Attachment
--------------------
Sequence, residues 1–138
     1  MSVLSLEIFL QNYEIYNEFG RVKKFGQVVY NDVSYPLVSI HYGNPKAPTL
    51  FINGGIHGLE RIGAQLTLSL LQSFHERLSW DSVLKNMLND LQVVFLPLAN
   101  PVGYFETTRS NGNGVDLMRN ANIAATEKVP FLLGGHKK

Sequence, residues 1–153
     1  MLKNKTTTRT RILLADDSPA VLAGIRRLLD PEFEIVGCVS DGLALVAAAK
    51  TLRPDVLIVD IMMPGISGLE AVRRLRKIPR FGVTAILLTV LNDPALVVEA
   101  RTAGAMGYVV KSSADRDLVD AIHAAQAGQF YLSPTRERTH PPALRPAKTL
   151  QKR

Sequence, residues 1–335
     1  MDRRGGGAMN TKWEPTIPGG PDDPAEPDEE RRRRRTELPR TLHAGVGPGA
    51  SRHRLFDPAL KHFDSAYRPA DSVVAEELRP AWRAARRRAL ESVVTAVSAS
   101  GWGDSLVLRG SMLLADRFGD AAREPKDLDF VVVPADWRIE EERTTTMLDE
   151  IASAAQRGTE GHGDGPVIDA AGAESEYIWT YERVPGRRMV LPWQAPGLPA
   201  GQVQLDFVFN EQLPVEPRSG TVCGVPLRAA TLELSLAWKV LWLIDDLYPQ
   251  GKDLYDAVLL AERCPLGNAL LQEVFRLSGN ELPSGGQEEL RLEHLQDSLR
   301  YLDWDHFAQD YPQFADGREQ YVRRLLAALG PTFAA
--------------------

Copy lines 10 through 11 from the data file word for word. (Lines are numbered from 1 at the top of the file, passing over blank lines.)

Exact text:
Sequence, residues 1–335
     1  MDRRGGGAMN TKWEPTIPGG PDDPAEPDEE RRRRRTELPR TLHAGVGPGA